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Achieving Engagement in a World of Digital Communications

Posted January 31, 2012 9:17 AM by Dylan Miyake

So your leadership team recently drafted a new strategic plan. It's about 80% complete and now it's time to test it outside the board room for accuracy. Then it will be time to gain buy-in and engagement across the organization.

What should you be thinking about as this process gets underway?

First, there needs to be a concise statement explaining the environment that you are working in. Then explain why there is a need for change.

With this understanding, the draft strategic plan can then be introduced to a small but representative sample of the organization (across both across sectors and ranks). This critique should check for glaring omissions, errors, or potentially confusing language. It typically helps to have a supporting document that further explains the mission, each supporting objective, and major linkages between them. With revisions and approval from the pilot, it's time to build wider knowledge of -and excitement for- the new plan.

Effectively rolling out the new strategic plan will take a combination of communication and engagement activities.

Communications activities tend to be more informative distributions of knowledge. Engagement activities are two-way discussions about the purpose, method, and expected outcome from the strategy and should be much more personal and more ongoing.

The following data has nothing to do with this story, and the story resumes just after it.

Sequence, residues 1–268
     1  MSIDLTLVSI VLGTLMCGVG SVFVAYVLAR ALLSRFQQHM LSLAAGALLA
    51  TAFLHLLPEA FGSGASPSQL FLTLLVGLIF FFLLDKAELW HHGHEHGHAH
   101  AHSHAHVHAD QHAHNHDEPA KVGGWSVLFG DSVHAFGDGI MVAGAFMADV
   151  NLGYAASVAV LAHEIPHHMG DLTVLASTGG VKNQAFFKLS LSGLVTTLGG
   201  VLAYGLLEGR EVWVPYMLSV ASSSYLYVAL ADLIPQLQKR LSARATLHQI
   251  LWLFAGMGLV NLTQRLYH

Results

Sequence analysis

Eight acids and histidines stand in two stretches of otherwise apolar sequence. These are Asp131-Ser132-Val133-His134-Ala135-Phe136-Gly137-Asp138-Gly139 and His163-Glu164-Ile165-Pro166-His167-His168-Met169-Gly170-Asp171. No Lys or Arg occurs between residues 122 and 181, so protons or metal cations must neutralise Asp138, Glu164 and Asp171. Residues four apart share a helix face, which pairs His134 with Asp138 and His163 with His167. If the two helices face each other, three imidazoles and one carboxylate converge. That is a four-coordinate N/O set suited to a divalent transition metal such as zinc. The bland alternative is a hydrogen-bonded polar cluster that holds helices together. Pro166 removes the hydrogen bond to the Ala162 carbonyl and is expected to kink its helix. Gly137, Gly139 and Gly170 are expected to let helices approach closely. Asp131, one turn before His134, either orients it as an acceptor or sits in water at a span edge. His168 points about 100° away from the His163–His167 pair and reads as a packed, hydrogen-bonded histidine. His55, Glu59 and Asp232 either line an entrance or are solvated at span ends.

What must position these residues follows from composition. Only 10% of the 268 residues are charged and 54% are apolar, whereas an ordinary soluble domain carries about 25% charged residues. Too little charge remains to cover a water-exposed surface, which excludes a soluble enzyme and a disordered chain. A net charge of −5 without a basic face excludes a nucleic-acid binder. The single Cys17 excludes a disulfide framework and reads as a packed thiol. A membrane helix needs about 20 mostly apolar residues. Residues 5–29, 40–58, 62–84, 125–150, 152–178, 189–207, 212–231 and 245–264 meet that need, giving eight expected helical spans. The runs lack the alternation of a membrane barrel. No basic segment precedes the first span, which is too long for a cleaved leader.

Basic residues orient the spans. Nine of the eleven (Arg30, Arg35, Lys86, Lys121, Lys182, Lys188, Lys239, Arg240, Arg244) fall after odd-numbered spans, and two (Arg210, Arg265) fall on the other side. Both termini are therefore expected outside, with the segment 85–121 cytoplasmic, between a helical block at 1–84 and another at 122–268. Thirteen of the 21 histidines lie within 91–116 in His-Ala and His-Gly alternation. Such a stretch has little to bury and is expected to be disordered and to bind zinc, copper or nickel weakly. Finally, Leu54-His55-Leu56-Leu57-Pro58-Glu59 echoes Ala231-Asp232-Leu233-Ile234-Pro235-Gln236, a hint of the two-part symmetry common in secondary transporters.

A few ideas for both ways of building awareness and buy-in are included below.

Potential Communication Activities: •Using a Town Hall type meeting to introduce the new approach •Posting a short video summary of the strategic plan to YouTube or internal sharing site •Including highlights of the strategy in the company newsletter

Potential Engagement Activities: •Providing brown-bag lunches where interested employees or volunteers can learn more about the specifics of the plan •Encouraging personal conversations asking what the new strategy means to them •Print and post a big strategy map on the break room wall and have a stack of pencils and post-it notes so people can anonymously voice their suggestions for wording, direction, etc

Both communications and engagement activities are critical to a successful roll-out. Communication activities ensure everyone has a chance to learn about the new direction and the reason for it. Then engagement activities allow each person the chance to test it, shape it, and ultimately own it in their daily activities.

Best of luck with your rollout!

Filed Under Motivation